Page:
My love of home brewing is at the root of our decision to pursue opening a commercial brewery. This is pretty common among craft breweries. One thing I learned early on is that a brewery involves a lot in addition to actually making beer. At times this has been frustrating, leading to conversations along these lines.
Me: There is so much more to do than brewing, maybe we will need to hire a brewer.
Her: I thought the whole reason we are doing this is so that you can brew.
I very much do want to be hands on with the brewing. I think though that talking this particular conundrum through has helped me realize that I enjoy a lot of the other things I am having to learn. Answering Andrea has helped me to be clear about what specifically motivated my initial decision.
Yes, evolving my home brewing to a logical next step, to make and sell at a commercial scale is very thrilling. I love sharing my beer and on my home rig I can only make so much. When people want to pay back my generosity (I will pretty much share with anyone who asks), I am severely limited in what kinds of consideration I can accept.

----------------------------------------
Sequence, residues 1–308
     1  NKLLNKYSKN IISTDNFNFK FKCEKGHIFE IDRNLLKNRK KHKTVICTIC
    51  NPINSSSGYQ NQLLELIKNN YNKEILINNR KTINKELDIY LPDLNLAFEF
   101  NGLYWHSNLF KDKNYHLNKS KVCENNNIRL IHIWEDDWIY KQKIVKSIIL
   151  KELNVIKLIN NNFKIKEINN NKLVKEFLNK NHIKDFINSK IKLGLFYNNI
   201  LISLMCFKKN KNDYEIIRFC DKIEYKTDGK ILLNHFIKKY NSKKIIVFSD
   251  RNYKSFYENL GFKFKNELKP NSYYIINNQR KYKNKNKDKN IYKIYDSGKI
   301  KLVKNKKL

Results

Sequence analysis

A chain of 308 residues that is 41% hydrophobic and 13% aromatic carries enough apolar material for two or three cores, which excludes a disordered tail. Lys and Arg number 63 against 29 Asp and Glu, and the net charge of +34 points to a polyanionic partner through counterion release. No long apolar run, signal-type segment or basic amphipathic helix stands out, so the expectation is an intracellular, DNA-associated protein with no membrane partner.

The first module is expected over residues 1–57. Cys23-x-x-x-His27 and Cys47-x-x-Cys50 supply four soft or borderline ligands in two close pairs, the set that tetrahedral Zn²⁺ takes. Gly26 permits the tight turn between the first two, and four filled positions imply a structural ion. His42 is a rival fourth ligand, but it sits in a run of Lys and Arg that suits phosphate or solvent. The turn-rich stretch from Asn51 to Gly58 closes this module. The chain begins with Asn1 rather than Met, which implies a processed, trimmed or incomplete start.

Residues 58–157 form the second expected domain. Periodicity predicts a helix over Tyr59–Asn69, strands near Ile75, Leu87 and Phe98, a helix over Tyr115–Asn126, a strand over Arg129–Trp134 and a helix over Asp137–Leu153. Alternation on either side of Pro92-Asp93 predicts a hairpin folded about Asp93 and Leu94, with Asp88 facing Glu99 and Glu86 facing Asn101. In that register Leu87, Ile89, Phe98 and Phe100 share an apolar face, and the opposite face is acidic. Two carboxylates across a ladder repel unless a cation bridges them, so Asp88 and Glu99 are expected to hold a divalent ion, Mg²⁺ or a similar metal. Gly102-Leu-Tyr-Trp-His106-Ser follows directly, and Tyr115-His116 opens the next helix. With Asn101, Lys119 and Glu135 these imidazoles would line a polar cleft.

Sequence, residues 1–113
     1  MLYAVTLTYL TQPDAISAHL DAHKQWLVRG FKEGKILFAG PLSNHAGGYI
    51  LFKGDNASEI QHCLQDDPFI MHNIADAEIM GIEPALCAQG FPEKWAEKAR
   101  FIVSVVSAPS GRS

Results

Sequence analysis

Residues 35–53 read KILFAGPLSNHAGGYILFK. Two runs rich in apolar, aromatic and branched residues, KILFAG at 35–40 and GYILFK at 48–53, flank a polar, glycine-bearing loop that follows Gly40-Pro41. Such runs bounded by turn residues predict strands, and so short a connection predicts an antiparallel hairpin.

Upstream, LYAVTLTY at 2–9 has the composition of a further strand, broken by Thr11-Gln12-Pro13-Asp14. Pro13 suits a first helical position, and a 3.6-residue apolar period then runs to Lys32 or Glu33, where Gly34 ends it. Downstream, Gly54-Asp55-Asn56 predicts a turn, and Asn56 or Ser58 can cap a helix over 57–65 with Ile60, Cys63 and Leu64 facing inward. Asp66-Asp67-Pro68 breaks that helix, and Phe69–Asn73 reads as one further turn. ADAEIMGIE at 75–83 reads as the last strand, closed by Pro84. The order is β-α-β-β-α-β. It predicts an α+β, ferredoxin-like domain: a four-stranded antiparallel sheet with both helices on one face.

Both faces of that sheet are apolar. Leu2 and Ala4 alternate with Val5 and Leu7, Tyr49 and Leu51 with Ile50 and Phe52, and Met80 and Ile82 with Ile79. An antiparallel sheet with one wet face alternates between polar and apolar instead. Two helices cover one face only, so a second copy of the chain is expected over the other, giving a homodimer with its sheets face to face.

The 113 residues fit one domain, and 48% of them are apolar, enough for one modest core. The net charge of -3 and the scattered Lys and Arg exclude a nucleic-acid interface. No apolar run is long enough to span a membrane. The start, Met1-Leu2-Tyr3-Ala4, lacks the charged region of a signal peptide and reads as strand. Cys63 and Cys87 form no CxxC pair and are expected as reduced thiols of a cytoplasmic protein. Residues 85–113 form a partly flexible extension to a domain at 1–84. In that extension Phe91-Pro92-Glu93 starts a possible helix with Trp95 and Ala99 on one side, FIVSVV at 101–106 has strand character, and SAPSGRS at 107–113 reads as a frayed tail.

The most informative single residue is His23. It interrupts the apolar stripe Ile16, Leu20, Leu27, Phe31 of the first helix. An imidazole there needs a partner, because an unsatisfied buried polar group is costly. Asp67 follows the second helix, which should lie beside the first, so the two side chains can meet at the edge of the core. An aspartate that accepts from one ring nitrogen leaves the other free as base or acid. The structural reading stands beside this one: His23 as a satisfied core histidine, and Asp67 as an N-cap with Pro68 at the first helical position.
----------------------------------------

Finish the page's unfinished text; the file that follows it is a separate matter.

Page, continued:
In addition, I want to build something that is my own. I identify very closely with the act of making things. My home brewing and podcasting, among other things, share this same deep root. I have not yet created anything that can sustain itself. I have either traded away the product of my skills, an arrangement I have largely been satisfied with, or I’ve had the privilege of the security that trade brings to subsidize all my other pursuits.
Realizing this desire to not only make something but set it up in a way that it can sustain itself has really helped me tackle the non-brewing parts of the plan. I have been able to draw a lot of parallels to the less obvious non-making parts of my career in technology, easing some of the stress. I expect I will have still more opportunities to reflect and learn more about myself as we continue the process.